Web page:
The UK government has refused to condemn an adviser to the prime minister, who once said that black Americans have a lower average IQ than white Americans and suggested enforcing contraception to stop unplanned pregnancies from “creating a permanent underclass”.
Boris Johnson was under mounting pressure on Monday to sack Andrew Sabisky, but a government spokesperson repeatedly failed to answer reporters who asked whether the prime minister agreed with the adviser’s views.
At a press briefing, the spokesperson said, without adding further comment: “The prime minister’s views are well publicised and well documented.”
The main opposition Labour Party condemned the refusal to criticise the remarks, while Scottish First Minister Nicola Sturgeon said the government must “get a grip fast and demonstrate some basic but fundamental values”.
Sabisky is believed to be contracted by the government under Johnson’s controversial chief adviser, Dominic Cummings.
Writing on Cummings’ website in 2014, he said: “One way to get around the problems of unplanned pregnancies creating a permanent underclass would be to legally enforce universal uptake of long-term contraception at the onset of puberty.
“Vaccination laws give it a precedent, I would argue.”
— fleetstreetfox (@fleetstreetfox) February 17, 2020
Downing Street has refused to say whether Johnson supported the views expressed by Sabisky on eugenics – the selective breeding of humans – or the IQ of black people.
But the prime minister has courted controversy with his views on IQ in the past.
In a speech in 2013, he said any discussion about equality had to take account of the fact that 16 percent of “our species” had an IQ below 85 while around 2 percent had an IQ above 130, adding: “The harder you shake the pack, the easier it will be for some cornflakes to get to the top.”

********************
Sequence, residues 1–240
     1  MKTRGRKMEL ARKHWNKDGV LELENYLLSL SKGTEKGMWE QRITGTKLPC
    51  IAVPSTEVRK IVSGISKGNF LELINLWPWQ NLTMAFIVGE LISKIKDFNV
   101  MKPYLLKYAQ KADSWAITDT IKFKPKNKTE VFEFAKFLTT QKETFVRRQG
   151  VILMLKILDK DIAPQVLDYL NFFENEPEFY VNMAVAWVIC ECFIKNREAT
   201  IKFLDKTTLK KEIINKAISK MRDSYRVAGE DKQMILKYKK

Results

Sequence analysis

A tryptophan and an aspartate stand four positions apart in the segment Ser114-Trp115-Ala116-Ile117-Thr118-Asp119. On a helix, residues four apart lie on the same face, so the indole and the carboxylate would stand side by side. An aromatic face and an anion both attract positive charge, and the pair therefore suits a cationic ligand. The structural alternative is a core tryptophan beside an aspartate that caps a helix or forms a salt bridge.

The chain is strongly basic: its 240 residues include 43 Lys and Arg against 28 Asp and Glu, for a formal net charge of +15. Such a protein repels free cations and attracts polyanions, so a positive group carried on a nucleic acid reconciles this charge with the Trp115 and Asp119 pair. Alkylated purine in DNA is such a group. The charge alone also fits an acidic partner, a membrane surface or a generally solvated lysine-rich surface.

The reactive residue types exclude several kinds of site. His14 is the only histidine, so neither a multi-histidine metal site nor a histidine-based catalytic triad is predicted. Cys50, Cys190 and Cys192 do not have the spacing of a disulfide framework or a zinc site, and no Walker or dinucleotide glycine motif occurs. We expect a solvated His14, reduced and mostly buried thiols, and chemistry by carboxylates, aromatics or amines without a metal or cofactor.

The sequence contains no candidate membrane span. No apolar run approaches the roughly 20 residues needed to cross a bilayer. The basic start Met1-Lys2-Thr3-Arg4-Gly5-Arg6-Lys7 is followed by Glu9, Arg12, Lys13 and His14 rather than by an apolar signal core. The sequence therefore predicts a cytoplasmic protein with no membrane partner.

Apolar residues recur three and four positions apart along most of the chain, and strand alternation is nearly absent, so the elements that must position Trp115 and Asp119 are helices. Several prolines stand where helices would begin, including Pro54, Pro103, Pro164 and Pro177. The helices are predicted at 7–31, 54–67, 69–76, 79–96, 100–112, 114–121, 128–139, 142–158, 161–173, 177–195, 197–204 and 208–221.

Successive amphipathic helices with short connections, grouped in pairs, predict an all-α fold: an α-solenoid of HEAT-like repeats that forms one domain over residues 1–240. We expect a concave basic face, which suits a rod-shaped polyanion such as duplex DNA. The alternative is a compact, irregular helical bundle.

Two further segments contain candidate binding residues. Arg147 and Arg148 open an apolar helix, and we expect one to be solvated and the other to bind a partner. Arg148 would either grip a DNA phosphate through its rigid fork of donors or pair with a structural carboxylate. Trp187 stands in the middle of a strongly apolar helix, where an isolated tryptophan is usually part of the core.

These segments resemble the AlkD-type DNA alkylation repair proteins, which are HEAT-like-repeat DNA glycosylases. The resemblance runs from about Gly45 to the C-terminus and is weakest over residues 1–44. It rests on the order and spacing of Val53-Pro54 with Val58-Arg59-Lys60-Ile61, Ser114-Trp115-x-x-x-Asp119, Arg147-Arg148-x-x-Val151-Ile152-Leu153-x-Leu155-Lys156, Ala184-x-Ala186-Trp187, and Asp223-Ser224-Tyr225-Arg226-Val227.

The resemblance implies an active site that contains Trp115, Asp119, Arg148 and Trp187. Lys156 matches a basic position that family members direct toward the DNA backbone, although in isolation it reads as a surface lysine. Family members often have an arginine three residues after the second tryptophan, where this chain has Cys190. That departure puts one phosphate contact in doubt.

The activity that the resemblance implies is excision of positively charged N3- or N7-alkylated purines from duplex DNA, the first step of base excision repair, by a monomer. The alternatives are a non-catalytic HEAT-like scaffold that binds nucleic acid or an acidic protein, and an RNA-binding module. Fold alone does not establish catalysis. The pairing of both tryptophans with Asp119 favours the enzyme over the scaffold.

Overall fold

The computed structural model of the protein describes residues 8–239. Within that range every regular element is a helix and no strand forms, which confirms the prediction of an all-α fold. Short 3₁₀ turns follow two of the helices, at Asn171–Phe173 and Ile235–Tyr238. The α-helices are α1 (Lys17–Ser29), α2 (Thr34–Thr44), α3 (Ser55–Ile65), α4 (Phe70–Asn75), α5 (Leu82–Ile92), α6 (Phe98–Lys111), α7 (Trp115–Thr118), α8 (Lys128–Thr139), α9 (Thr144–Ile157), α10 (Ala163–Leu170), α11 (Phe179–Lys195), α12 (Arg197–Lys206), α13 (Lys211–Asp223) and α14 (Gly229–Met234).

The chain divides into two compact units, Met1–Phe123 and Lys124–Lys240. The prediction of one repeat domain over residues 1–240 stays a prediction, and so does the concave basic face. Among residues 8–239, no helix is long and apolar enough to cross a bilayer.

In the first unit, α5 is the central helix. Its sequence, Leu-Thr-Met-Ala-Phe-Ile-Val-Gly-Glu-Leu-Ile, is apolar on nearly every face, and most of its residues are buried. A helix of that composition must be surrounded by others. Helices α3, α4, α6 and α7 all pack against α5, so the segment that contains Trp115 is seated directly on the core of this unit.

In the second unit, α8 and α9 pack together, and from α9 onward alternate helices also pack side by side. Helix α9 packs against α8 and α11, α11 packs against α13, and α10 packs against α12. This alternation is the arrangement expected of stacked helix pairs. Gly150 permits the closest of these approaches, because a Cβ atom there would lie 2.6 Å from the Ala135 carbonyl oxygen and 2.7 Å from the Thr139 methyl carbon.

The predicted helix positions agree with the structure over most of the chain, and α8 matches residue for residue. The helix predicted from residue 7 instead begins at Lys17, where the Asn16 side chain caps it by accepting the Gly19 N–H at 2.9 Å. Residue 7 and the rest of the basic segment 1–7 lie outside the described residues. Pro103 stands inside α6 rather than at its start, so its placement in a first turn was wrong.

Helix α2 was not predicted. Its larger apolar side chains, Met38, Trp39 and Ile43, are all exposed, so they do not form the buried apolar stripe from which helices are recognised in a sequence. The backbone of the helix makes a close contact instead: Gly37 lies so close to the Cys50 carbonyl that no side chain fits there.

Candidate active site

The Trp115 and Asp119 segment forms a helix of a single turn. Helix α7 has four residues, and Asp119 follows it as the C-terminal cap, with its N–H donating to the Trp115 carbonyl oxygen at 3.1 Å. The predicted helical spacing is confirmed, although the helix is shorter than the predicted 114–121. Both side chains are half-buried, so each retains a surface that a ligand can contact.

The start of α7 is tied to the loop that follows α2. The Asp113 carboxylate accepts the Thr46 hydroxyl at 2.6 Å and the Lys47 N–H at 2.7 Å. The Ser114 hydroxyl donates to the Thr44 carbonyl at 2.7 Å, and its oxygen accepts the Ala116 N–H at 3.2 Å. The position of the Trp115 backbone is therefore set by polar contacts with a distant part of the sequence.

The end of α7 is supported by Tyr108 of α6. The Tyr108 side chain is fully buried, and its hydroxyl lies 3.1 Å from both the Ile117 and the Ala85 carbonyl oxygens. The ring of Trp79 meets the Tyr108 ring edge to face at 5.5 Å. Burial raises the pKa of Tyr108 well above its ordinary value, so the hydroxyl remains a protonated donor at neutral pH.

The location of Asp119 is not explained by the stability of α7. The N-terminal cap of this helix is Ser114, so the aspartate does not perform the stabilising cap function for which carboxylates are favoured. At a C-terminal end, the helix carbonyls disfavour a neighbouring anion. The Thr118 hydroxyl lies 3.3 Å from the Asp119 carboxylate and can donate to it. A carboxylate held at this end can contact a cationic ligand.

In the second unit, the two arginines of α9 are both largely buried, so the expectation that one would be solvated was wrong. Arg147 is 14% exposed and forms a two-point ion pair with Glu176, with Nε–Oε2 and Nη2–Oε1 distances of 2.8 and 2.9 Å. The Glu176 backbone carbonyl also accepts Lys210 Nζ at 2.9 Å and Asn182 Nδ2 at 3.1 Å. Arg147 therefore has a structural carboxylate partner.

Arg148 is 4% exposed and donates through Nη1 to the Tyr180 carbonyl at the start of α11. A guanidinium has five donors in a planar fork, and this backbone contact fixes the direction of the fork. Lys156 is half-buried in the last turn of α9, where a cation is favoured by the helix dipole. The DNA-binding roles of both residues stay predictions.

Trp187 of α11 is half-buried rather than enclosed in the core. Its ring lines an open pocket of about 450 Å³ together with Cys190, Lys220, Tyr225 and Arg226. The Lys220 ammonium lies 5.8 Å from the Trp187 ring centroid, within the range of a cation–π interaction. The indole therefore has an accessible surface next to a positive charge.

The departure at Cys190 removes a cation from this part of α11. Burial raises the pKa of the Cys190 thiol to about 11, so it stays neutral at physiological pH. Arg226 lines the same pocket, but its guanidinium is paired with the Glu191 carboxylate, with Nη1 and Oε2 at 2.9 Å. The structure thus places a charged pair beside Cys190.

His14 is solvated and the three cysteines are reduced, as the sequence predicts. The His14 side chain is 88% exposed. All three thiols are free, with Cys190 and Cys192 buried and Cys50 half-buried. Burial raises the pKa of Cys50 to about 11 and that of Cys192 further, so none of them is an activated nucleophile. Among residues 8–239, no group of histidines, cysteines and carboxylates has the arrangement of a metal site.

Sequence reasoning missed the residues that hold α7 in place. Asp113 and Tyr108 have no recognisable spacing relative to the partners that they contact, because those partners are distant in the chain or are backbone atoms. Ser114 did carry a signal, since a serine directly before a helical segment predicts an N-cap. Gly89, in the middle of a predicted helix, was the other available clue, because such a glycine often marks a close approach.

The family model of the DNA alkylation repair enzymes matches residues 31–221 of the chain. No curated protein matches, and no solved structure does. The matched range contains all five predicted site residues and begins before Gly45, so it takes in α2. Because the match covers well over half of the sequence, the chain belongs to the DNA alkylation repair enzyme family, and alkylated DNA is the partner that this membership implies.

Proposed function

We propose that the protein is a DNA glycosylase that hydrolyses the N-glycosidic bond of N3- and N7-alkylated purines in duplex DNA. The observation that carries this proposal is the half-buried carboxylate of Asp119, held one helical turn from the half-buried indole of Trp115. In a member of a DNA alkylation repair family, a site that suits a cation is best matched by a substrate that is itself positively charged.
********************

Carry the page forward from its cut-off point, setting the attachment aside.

In 2000, while Johnson was editor of the Spectator, the magazine carried an article from columnist Taki Theodoracopulos which said: “On average, Orientals are slower to mature, less randy, less fertile, and have larger brains and higher IQ scores. Blacks are at the other pole, and whites fall somewhere in the middle, although closer to the Orientals than the blacks.”
The prime minister has also previously described black people as “piccaninnies” with “watermelon smiles”, and more recently referred to Muslim women who wear the “burka”, or full veil, as “letterboxes”.
Labour Party chairman Ian Lavery said: “It is disgusting that not only has Number 10 failed to condemn Andrew Sabisky’s appalling comments, but also seems to have endorsed the idea that white people are more intelligent than black people.
“Boris Johnson should have the backbone to make a statement in his own words on why he has made this appointment, whether he stands by it and his own views on the subject of eugenics.”
Labour MP Marsha de Cordova, a disability rights campagner, tweeted: “This what we have come to, and it is sickening.”
It’s one thing to deplore eugenics on ideological, political, moral grounds. It’s quite another to conclude that it wouldn’t work in practice. Of course it would. It works for cows, horses, pigs, dogs & roses. Why on earth wouldn’t it work for humans? Facts ignore ideology.
— Richard Dawkins (@RichardDawkins) February 16, 2020
Geneticist and broadcaster Adam Rutherford also criticised the comments, writing on Twitter: “Like Cummings, he appears to be bewitched by science, without having made the effort to understand the areas he is invoking, nor its history.”
He said the moral repugnance of the remarks was overwhelming, adding: “I am all for scientifically minded people advising government. In fact, I am all for scientists advising government. From this perspective, Sabisky, and indeed Cummings, look bewitched by science without doing the legwork.
“Instead, this resembles the marshalling of misunderstood or specious science into a political ideology. The history here is important because this process is exactly what happened at the birth of scientific racism and the birth of eugenics.”
SOURCE: Al Jazeera and news agencies